That is not sub judice; it is a relatively unusual way for the Secretary of State to voice the Government’s thinking on this matter. I thank him in the spirit in which his comment was made. There is no doubt that if the Government have got further and better particulars on the matter, at some point that will become clear. We will leave it there and I thank him.

On a point of order, Mr Speaker. I have never raised a point of order before, but I feel that I must today. I tabled a question for today’s questions regarding the family justice review. The question was approved by the Table Office and successfully drawn as No. 5 in the ballot, but it was withdrawn by the Ministry of Justice, because it deemed it to be irrelevant to its Department, despite the fact that it had been corresponding with me on this matter since last June. My constituent, Mr Neil Brotherton, who is trying to improve children’s access to their family when their parents separate, was to have been here today to hear the Minister’s answer. Will you advise me, Mr Speaker, on what course of action I may now pursue, not just for Mr Brotherton, but for other constituents?

I am happy to oblige the hon. Lady. I am sorry that it was her first point of order, but I am quite certain it will not be her last. My response to her point of order is twofold. First, my understanding—I do not wish to be pedantic, but I think it is factually correct and an important point—is that the question was not, as she put it, withdrawn, but transferred. Secondly, on how she should proceed, I would say that she is an ingenious Member and will know that there is plenty of scope for tabling questions, seeking Adjournment debates and raising matters during oral questions, and there are also the auspices of the Backbench Business Committee, so there are plenty of facilities open to her.

Although the Table Office seeks to advise hon. Members where there is a risk of an oral parliamentary question being transferred, the prediction of the allocation of ministerial responsibility is not an exact science. It is for the Government to decide where responsibility lies for answering a question, and I do not intervene in such decisions. I recognise that they can be the source of frustration or irritation, but they are not matters for the Chair. Furthermore, for the hon. Lady’s benefit and that of the House, I must make the specific point that nothing disorderly has occurred.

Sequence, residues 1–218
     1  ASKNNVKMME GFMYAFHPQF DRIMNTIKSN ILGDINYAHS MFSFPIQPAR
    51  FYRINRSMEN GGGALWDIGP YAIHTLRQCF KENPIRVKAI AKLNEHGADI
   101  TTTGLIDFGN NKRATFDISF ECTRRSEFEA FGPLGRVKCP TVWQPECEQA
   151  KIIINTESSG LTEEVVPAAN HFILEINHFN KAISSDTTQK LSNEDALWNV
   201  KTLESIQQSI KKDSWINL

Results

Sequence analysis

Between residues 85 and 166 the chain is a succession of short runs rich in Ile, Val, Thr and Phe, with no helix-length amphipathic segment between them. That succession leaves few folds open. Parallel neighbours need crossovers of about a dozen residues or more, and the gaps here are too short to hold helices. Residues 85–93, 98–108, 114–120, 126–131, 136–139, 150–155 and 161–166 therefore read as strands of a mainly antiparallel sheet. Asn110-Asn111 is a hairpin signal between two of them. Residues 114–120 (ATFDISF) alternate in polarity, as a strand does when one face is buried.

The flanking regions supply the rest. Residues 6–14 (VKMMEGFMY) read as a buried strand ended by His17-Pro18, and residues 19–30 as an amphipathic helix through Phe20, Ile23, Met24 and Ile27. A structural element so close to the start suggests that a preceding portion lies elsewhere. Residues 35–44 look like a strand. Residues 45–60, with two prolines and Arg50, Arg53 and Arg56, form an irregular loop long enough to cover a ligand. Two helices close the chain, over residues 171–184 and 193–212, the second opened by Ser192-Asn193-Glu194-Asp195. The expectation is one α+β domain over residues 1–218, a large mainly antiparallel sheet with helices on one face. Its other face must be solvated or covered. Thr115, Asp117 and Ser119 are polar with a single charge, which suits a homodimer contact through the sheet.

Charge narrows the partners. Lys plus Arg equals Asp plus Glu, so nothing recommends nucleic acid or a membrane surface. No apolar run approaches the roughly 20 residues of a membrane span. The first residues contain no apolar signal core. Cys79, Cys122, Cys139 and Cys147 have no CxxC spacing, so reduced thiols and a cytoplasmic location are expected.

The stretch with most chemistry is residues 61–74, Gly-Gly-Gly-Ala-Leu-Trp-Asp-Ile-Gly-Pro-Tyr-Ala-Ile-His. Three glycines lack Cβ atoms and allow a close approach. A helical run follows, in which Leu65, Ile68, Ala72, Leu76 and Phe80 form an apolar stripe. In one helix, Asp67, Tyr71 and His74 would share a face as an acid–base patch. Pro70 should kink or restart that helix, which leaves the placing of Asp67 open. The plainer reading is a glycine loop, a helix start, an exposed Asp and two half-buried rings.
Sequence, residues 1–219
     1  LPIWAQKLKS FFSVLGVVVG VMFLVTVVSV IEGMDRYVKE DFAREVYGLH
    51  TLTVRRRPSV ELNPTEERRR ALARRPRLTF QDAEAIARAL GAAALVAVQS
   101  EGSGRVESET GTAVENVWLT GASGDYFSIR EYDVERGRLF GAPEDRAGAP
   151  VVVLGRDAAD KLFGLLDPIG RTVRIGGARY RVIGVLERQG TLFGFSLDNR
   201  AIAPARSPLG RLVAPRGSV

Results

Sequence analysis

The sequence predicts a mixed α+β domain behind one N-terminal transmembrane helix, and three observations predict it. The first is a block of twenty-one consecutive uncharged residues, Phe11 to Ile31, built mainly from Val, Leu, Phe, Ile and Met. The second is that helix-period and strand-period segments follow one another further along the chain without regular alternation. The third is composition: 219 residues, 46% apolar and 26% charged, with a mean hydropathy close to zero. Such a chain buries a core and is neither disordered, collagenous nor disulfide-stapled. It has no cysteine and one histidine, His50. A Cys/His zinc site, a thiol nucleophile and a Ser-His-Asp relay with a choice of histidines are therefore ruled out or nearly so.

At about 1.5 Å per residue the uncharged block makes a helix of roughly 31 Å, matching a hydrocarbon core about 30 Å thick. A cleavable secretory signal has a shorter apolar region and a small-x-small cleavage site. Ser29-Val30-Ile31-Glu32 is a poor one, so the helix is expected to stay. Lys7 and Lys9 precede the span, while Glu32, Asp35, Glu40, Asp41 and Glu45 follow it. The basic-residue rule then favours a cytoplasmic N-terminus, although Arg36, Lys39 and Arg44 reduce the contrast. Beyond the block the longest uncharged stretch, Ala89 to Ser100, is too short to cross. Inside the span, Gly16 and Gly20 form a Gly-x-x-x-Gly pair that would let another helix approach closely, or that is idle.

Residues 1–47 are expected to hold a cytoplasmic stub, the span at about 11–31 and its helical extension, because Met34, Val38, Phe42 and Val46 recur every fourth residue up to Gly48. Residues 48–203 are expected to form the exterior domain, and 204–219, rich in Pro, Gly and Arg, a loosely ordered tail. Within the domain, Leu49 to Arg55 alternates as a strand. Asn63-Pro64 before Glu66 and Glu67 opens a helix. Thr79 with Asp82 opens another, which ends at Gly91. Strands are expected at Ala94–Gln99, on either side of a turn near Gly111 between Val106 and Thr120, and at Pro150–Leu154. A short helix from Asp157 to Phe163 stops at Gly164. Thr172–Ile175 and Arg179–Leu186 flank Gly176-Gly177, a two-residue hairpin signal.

I am not sure there is a further to that point of order, but the hon. Lady has been in the House 25 years, so we ought to give her the benefit of the doubt.

I, too, had an oral question down for answer during Justice Question Time, but was told at the last minute that it had been transferred to the Cabinet Office, because the Minister without Portfolio, the right hon. and learned Member for Rushcliffe (Mr Clarke), who is now dealing with it, was unable to answer it as part of the Justice Front-Bench team. Will you have regard to the difficulty of raising issues on behalf of our constituents owing to internal transfers within the Government?

I am grateful to the hon. Lady for her point of order, but my earlier statement still applies: it is a matter for the Government. I say that not least because we are in the presence of the esteemed Minister without Portfolio, the right hon. and learned Member for Rushcliffe (Mr Clarke)—[Interruption.] No, there is no need for him to rise from his seat at this point, though it is always a pleasure to listen to him. Nevertheless, I attach great importance to early decisions on transfer. If a question is to be transferred, it is for the convenience of the Member and the House as a whole that the decision be taken and the Member notified at an early stage. After his 42 years in the House, I know that the right hon. and learned Gentleman would be the first to assent to that uncontroversial proposition.